When analyzing the patterns, it becomes obvious that different patterns play out depending on where letter B stops in relationship with XA. This is my attempt to make the patterns easier to interpret (drivers and 5-0 excluded).

PART I: Let us break it down into Fibonacci levels.

1)      38.2%    – Bat / Alternate Bat / Crab

2)      50%        – Bat / Crab

3)      61.8%    – (Bat) / Crab / Gartley / ab=cd

4)      78.6%    – Butterfly

5)      88.6%    – Deep Crab

That means that if the currency bounces up at the 38.2% for instance, then there could 3 Gartley patterns in play.

PART II: Let us continue with this breakdown and analyze the likely Fibs where letter C can stop when Fibbing AB and the answer is simple: C can stop at any Fib of AB, which is 38.2%, 50%, 61.8%, 78.6%, 88.6%.

PART III: The last but not least, the target D.

1)      Bat – 88.6% Fib of XA OR  2.618 of BC

2)      Alternate Bat – 113% Fib of XA (below X) OR   2.0 of BC

3)      Crab – 161.8% Fib (below X)  OR  3.14 of BC

4)      Gartley –  78.6% Fib of XA   OR   1.27 of BC

5)      Butterfly – 161.8% Fib (below X)   OR  1.618 of BC

6)      Deep Crab  – 161.8% Fib (below X)    OR   2.618 of BC

Trading the patterns forex is as always a matter of entry methodology. We discussed entry techniques in a previous article: please read the entire article here. In general, it boils down to either entering upon a direct level, a confirmation or a momentum break.

For the Gartley patterns mentioned here, a direct level entry means a pending entry order at a specific Fibonacci level. A confirmation would be to wait for a candlestick reversal pattern at the Fib. And the break out would occur when price bounces off the Fib and breaks a trend line in the anticipated direction.

Please note that trading letter B is a with the trend setup but with a limited target (target is letter C). Trading letter C is a reversal trade but with good reward to risk (target is letter D). Trading letter D could be seen as with the trend trade (very close to support and resistance in any case) and good reward to risk as well (target can be the top in up trend example, bottom in down trend example OR any Fib from C to D).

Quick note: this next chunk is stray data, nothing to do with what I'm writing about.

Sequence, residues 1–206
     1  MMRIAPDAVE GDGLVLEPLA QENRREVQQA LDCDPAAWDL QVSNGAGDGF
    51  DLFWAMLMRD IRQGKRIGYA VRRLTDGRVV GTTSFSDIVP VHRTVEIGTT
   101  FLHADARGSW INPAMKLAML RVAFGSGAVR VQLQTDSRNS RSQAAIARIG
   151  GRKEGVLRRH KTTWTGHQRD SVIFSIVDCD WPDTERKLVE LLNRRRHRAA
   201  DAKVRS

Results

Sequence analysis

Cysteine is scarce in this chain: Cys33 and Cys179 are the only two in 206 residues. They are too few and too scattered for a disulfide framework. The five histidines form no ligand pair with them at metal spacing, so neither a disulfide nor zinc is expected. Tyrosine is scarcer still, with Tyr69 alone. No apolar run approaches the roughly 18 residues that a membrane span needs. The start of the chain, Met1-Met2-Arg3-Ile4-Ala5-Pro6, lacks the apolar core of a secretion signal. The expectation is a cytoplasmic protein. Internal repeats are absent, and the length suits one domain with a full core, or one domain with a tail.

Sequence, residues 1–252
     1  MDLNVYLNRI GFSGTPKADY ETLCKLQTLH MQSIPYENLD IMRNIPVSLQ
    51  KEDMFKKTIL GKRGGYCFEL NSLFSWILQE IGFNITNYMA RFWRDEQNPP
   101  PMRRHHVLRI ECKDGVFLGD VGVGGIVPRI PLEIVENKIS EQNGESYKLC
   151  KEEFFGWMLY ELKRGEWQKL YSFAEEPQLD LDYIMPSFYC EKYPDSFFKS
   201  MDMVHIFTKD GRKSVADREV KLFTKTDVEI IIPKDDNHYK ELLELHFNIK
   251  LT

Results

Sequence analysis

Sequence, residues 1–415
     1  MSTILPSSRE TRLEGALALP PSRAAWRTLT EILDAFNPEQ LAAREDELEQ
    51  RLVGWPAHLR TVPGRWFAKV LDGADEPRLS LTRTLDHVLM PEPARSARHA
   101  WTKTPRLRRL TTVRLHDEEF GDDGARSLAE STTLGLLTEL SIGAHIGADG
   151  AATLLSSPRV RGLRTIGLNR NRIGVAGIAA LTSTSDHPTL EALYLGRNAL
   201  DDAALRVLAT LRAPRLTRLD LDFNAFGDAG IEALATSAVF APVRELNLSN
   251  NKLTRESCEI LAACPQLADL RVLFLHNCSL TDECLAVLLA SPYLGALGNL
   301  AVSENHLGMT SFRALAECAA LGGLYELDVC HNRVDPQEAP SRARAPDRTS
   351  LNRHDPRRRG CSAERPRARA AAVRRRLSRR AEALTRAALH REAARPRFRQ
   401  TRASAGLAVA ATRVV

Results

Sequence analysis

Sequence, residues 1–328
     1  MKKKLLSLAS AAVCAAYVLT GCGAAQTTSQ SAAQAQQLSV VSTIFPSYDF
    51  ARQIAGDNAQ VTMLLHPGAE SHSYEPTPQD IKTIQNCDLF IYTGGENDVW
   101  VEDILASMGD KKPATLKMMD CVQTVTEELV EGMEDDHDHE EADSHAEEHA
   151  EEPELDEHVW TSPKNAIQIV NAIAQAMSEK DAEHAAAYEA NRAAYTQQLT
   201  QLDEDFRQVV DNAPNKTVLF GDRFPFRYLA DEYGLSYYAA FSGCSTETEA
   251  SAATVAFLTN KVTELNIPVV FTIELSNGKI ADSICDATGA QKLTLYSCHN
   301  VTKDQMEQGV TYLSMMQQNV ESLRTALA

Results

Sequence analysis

What is your opinion on Gartley Pattern?  Do like trading the patterns? Do you want to use them? Do you like it? Do you already use Fibs? Has this helped your trade management? We gave a practical example of Gartley this week in the GBPAUD reversal article. Here is part 1 and 2 (part 2 has the pattern).

Update 1: the bat screenshot has been changed on 13th of October.

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• Zaid Sarwar

Great Great break down of patterns. You guys helped me alot . I would say best article for peoplle trying to know pattern trading. I hope you guys keep on going

• Nathan

Hi Chris: One more question pls: While I have found it easier to identify points, B,C and the XA leg, typically there are several other swings before point D is reached. Hence I get confused as to which point to pick for B, since there are multiple swing points which look like candidates for B. Is this common? Or am I reading the price action incorrectly?

• Nathan

Excellent Chris! Quick question: Is there a time relationship between the XA, AB, CD etc legs as well?

• Chris Svorcik

Oops – great catch! Thanks for that heads-up!

The bat screenshot has been modified in the meantime. Thanks!

• Chris Svorcik

Thank you Rohan! 🙂 IT is definately good pattern to keep in mind when trading 🙂 thanks for the feedback – much appreciated!

• Chris Svorcik

Thanks Russell, good tip for our readers. Much appreciated.

• Chris Svorcik

That’s great! 🙂

• Chris Svorcik

Hi Adam, that is great! These patterns and Fibs are indeed very interesting. Glad you agree. Good Trading!

• Chris Svorcik

Hi Selemon, happy to hear that you found the article interesting and useful! 🙂
Your feedback is much appreciated 🙂 wish you Good Trading this week!

• smayer97

BTW, your diagrams for the Bat and Alternate Bat are IDENTICAL!. One of them is wrong. You may want to correct that.

• Rohan De Villiers

EXCELLENT article !! going to look for them in last weeks charts and see where i missed them

• Russell Daily